Storyteller donates sale proceeds to hearing charities

Teliha Clarke hasn’t let a hearing loss stop her from achieving her storytelling dream.

The Year 12 Dubbo College student grew up hearing traditional stories. Being able to continue the tradition of sharing stories about her culture is something she has always felt passionate about.

Putting her passion to good use, 18-year-old Teliha penned her first children’s book, The Devil Up in the Tree, as part of her Aboriginal Studies. Teliha devoted countless hours over five months to its production.

She researched Aboriginal storytelling, edited, conducted interviews, gained audience feedback and sourced illustrators, printers and publishers.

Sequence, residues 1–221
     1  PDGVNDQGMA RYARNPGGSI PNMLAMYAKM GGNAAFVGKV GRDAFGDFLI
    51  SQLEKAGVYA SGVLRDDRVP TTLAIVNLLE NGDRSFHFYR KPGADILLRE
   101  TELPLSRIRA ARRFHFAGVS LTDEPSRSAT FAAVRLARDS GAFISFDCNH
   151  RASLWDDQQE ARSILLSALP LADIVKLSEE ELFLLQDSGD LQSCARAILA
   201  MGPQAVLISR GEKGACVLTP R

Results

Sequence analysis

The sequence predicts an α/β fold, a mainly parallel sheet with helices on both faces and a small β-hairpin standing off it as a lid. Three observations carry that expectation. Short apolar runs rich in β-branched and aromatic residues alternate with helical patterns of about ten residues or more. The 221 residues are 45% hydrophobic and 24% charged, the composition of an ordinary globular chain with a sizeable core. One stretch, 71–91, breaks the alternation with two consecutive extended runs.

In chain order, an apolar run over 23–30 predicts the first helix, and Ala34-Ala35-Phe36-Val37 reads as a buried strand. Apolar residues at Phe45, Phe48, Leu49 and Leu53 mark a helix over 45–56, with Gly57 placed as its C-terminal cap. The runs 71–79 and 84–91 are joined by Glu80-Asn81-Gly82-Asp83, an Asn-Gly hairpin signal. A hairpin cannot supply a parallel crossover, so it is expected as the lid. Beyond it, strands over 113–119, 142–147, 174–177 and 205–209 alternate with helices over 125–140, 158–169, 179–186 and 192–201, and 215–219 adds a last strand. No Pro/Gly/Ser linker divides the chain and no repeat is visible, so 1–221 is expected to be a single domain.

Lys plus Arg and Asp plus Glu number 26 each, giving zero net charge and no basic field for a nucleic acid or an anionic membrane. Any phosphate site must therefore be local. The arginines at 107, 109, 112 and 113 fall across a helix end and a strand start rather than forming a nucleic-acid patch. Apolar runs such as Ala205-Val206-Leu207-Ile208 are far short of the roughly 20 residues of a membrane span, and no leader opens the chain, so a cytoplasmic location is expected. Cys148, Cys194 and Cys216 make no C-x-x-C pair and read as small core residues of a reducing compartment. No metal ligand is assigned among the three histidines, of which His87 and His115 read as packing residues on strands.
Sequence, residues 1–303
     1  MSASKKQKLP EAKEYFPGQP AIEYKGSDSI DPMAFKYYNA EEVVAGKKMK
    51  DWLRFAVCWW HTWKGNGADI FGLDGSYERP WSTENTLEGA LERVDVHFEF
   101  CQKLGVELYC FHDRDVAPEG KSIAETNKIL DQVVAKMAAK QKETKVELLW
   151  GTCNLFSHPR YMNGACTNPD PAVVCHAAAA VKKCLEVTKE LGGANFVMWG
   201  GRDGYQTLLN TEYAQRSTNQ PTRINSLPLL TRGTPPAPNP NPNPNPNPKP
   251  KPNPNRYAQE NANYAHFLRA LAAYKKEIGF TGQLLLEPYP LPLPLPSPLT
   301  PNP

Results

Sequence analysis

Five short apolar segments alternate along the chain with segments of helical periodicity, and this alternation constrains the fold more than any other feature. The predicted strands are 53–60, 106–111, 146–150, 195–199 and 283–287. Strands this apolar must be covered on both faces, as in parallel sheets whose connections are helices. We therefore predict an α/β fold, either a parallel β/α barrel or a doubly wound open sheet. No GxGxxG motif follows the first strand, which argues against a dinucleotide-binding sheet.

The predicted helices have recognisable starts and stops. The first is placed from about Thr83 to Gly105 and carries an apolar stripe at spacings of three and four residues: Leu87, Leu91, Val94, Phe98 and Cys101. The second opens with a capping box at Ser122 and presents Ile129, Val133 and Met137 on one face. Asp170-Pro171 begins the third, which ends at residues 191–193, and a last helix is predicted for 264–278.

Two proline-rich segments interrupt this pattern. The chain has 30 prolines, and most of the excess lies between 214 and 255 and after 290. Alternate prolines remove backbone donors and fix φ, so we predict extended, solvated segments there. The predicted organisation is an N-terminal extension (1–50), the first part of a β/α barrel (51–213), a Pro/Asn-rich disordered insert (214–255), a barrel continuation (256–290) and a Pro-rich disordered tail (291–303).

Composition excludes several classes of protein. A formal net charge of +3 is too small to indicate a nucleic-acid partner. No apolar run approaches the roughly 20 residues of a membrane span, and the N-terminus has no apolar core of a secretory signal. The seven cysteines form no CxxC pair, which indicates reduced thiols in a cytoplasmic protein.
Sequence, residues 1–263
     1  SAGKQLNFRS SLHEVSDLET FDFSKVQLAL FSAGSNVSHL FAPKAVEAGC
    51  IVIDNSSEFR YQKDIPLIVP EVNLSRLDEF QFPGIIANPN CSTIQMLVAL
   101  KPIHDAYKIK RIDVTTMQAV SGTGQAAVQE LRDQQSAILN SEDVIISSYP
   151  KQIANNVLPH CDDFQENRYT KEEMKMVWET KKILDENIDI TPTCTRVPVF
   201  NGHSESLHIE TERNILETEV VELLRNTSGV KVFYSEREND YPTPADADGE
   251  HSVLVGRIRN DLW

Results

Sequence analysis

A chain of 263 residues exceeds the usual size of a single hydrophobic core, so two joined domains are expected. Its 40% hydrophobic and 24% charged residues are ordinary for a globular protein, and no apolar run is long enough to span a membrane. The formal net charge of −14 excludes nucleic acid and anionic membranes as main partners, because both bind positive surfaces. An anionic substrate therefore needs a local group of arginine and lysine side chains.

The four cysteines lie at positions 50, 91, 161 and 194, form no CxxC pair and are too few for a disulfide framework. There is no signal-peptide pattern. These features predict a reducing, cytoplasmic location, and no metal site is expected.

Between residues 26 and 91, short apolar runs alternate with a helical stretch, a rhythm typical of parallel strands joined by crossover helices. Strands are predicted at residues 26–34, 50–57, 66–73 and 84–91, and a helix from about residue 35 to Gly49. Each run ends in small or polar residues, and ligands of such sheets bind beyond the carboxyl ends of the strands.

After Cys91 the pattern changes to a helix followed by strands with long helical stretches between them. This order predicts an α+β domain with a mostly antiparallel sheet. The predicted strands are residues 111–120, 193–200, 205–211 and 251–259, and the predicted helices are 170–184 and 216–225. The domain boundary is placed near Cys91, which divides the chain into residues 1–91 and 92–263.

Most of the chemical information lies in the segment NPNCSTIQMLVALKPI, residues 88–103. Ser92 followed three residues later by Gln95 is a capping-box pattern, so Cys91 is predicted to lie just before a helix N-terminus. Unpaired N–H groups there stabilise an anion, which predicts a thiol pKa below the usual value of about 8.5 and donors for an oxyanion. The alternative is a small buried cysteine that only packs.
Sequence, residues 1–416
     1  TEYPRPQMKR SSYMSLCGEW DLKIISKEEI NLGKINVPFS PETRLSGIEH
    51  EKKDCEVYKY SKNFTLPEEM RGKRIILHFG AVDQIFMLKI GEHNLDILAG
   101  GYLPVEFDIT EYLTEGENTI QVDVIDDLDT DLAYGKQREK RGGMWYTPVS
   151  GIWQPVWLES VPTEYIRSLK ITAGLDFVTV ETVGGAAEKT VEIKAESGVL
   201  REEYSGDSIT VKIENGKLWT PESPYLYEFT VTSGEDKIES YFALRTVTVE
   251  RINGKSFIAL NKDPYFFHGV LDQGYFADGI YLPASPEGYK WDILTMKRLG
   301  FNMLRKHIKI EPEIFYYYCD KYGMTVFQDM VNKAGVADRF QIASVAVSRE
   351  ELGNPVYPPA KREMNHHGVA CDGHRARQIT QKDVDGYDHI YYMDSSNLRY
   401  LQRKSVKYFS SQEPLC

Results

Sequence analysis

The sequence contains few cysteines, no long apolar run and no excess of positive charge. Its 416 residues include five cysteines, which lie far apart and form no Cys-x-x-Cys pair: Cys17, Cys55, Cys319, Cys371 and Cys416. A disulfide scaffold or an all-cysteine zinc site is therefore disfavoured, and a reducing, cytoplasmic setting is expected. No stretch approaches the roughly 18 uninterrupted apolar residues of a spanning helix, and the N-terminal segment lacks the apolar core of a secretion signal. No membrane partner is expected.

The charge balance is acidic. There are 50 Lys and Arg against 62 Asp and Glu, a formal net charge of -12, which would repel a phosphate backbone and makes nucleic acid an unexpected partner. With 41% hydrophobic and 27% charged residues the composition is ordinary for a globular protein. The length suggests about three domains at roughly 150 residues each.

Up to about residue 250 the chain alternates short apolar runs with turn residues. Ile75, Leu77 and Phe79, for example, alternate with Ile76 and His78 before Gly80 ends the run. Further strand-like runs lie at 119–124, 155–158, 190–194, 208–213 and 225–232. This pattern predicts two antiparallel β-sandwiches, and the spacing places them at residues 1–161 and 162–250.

Teliha has a moderate-to-severe hearing loss and is a client at Australian Hearing Dubbo. She hopes the book will inspire others to follow their dreams and that her story will reach many people. She is also using the book as a way of giving back, with the proceeds of book sales to go to two charities close to her: the Hear Our Heart Ear Bus Project and the Dubbo and District Support Group for the Deaf and Hearing Impaired.